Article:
Corporate tax to fall, taxpayer numbers to rise
The corporate tax rate is set to be cut from 23 percent to 20 percent in 2013, a move which the Revenue Department estimates will cost the government around 150 billion baht in income.
To offset this potentially quite serious loss of revenue, the various departments and authorities charged with filling government coffers are hoping to bring a further 200,000 taxpayers into the system during the current fiscal term.
At present, there are approximately nine million individual taxpayers as well as a further 350,000 corporate taxpayers and 360,000 paying just VAT. If the target of an added 200,000 is reached that will mean the government’s income base will be spread to nearly 10 million registered taxpayers.
With personal income tax rates also being modified this financial year, the government bean counters are suggesting these measures will lead to a 25 billion baht drop in returns. Allowing married couples to file separate returns is also estimated to lead to a drop of seven billion baht in tax revenue.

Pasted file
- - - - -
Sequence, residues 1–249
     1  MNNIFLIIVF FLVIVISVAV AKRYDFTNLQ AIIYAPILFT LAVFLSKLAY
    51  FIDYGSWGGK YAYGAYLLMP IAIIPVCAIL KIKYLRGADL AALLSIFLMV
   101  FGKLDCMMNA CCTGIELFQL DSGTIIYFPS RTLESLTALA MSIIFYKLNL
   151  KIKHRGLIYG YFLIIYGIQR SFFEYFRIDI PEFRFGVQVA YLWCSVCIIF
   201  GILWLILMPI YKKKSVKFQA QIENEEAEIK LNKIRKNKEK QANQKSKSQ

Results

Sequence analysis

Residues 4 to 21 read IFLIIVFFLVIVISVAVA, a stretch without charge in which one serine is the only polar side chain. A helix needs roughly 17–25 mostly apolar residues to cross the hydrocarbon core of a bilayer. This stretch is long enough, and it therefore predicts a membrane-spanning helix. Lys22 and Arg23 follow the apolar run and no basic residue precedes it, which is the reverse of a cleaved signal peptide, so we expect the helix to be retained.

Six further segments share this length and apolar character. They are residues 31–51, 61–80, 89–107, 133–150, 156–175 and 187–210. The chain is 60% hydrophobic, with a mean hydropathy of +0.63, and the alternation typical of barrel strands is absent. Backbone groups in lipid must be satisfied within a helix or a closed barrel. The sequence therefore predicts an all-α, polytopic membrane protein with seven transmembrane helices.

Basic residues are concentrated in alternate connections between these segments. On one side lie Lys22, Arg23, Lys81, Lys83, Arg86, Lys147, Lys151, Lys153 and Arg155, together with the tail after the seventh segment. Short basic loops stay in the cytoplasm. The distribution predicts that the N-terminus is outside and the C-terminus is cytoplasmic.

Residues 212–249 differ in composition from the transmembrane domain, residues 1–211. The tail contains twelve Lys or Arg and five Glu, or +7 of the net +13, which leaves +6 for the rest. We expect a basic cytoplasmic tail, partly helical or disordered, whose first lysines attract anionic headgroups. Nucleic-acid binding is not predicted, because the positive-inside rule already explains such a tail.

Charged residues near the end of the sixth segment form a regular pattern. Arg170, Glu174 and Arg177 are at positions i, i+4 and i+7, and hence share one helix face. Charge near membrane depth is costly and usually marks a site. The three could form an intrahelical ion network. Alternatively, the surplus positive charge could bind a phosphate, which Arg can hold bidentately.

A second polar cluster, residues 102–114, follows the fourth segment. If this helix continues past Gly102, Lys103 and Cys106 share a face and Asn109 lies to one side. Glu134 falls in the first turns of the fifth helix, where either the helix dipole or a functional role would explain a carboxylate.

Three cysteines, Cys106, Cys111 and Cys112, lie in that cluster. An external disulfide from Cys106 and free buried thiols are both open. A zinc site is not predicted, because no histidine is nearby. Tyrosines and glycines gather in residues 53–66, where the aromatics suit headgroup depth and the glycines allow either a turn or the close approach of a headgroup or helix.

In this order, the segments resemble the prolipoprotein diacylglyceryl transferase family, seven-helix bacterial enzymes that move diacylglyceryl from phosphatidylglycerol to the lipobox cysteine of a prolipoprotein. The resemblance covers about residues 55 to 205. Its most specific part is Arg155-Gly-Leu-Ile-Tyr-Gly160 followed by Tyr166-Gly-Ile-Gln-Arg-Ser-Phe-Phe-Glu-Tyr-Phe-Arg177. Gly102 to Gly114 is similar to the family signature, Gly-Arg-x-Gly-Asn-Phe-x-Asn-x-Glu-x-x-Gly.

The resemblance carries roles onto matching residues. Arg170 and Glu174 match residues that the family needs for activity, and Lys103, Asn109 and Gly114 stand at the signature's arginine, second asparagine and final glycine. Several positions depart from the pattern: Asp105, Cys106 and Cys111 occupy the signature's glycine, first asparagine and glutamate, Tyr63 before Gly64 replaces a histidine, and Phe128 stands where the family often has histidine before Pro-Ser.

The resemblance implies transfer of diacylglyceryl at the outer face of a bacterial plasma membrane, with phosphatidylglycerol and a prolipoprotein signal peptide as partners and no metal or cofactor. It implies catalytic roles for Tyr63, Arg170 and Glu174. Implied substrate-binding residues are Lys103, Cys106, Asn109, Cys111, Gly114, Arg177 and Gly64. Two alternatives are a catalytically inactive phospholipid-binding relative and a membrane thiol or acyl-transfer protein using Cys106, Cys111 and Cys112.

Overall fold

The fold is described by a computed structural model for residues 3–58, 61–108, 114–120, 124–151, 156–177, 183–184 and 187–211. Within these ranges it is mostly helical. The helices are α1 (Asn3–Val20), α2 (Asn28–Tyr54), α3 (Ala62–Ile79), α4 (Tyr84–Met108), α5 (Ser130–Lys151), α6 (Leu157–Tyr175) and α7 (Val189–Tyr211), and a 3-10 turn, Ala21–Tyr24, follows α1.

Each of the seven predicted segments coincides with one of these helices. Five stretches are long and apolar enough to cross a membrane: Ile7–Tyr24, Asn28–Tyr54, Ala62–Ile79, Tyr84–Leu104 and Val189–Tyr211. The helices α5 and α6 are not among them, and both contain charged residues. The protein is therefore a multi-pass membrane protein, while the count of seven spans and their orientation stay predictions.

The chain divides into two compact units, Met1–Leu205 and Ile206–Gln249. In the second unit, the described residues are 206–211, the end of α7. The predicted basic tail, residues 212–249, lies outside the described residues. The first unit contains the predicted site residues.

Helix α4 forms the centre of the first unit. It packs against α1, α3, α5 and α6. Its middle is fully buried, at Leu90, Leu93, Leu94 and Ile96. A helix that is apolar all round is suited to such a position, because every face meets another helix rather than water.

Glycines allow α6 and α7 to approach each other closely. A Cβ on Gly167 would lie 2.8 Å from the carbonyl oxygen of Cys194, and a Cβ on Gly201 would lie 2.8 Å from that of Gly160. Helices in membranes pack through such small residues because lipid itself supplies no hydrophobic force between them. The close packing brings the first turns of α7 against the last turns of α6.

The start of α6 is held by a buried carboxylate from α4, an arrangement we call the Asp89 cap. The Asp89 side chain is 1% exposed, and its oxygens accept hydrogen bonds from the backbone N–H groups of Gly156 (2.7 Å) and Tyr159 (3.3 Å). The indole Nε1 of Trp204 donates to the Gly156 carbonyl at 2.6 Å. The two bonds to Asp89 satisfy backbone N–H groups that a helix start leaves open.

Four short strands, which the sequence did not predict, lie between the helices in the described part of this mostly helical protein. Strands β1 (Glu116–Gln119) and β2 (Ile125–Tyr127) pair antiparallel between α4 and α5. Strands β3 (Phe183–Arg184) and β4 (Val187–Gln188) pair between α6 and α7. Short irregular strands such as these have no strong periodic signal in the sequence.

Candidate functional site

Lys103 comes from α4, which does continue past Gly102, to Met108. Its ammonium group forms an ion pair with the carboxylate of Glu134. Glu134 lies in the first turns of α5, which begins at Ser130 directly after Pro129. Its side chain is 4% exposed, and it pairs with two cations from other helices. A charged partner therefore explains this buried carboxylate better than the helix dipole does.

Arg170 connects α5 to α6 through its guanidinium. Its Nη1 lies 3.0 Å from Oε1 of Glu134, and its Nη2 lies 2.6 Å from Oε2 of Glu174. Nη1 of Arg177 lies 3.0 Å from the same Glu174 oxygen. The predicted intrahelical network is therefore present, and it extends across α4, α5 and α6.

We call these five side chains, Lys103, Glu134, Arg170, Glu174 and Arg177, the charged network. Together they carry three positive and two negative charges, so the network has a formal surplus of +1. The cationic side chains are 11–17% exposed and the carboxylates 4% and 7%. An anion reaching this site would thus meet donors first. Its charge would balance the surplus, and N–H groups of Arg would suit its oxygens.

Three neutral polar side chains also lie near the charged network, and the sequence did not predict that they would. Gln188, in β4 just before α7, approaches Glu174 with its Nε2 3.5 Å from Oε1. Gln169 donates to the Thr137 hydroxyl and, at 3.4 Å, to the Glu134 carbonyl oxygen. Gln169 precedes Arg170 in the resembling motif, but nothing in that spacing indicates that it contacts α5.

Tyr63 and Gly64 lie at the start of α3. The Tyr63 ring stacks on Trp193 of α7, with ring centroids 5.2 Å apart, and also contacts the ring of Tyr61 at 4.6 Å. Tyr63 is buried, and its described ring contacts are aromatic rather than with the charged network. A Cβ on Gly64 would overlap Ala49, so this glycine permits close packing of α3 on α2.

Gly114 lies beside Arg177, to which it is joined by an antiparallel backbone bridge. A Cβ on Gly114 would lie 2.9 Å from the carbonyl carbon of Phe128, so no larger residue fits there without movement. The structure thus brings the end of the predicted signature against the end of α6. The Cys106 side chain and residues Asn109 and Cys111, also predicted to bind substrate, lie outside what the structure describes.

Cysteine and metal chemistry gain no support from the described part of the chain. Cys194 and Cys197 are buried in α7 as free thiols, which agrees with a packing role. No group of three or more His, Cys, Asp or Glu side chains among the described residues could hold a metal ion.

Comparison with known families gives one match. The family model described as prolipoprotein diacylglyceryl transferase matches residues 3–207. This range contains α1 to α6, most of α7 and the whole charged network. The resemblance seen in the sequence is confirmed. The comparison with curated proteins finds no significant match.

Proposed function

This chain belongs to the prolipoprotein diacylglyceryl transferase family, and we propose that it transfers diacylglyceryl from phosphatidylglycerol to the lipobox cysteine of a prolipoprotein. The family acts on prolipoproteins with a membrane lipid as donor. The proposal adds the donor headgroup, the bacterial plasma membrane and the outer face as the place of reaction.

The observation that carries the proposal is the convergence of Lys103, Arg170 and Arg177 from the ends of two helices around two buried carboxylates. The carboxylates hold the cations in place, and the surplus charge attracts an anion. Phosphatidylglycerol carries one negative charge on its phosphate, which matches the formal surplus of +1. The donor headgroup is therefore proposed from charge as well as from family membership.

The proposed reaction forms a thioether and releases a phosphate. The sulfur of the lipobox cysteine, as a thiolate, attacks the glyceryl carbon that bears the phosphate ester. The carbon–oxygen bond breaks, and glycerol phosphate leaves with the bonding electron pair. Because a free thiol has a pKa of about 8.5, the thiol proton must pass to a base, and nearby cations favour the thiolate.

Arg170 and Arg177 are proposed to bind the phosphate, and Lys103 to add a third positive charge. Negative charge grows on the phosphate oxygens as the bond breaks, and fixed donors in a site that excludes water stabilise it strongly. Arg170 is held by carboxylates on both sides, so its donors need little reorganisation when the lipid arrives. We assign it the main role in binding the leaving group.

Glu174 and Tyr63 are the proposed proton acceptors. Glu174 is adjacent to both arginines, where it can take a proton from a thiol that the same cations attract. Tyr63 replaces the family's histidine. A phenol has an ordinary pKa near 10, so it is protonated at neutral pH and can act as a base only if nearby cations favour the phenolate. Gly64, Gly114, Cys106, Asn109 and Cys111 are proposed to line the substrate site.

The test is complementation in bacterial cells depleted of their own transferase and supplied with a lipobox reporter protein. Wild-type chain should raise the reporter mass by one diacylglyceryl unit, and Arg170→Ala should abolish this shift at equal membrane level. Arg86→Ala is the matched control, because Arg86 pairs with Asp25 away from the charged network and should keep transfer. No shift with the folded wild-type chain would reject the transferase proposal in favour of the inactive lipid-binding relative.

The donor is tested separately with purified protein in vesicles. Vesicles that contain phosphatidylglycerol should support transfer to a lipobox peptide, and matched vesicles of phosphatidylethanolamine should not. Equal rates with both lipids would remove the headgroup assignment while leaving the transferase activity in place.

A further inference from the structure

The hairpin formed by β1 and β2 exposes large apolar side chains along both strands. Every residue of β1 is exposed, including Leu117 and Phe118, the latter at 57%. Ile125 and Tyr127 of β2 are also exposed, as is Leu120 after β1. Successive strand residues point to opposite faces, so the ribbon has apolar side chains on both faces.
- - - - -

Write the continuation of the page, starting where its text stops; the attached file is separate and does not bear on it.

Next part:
Given that VAT currently generates the largest slice of the overall revenue pie for the government, it is highly likely the rate will be increased from its current seven percent. Legislation means this cannot take place before 2014 and even then VAT can only be increased to a maximum 10 percent. Nevertheless, since it does indeed account for the largest chunk of government revenue it is almost certainly going to be heading up.
For now, the government’s fiscal advisers are not only looking at ways of making up the expected shortfalls in revenues due to the reduced corporate tax rates and the restructuring of the personal income tax system, they are also looking to revamp and overhaul the methods of tax collection.
The Revenue Department is slated to spend around two billion baht on upgrading its database and implementing IT improvements to have a far more efficient tax collection setup.
Currently total revenues run to around 1.16 trillion baht per annum, but with new measures and efficiencies in place the aim to return around three trillion baht within the next two years.
While tax cuts, both corporate and personal, will lead to reduced revenues, those charged with creating government policy believe the economy will benefit from consumers and even businesses having greater disposable income. The hope is that this added money in the hip pocket will lead to higher consumption and further corporate investment.
If that happens at a solid level then the expected shortfalls may not be as bad as predicted. Equally, the reduced corporate tax rate could serve as an incentive for foreign investment.